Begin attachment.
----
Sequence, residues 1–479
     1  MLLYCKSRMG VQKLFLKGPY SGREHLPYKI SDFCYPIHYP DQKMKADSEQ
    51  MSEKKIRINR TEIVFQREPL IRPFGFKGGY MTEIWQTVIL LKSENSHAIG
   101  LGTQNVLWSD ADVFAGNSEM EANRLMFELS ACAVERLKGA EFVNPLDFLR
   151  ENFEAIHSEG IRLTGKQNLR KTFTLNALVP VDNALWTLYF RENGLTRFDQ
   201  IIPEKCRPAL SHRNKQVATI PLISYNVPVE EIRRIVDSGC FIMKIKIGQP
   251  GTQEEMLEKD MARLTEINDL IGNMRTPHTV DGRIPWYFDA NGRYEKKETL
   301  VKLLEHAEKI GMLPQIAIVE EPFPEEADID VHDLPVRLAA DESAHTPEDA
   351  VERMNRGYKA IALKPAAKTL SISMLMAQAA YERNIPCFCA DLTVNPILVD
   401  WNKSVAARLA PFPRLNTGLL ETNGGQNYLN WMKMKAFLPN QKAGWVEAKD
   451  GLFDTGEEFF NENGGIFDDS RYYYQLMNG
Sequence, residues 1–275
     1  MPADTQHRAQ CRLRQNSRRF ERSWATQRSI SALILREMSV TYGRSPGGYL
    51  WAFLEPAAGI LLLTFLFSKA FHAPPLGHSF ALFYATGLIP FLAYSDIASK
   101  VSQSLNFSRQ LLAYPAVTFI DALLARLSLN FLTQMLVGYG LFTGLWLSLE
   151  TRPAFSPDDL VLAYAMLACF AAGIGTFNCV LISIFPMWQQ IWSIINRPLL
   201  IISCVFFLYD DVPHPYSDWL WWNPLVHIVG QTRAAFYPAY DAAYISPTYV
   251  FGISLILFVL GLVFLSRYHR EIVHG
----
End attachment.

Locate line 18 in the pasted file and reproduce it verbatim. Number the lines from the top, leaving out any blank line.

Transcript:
   251  FGISLILFVL GLVFLSRYHR EIVHG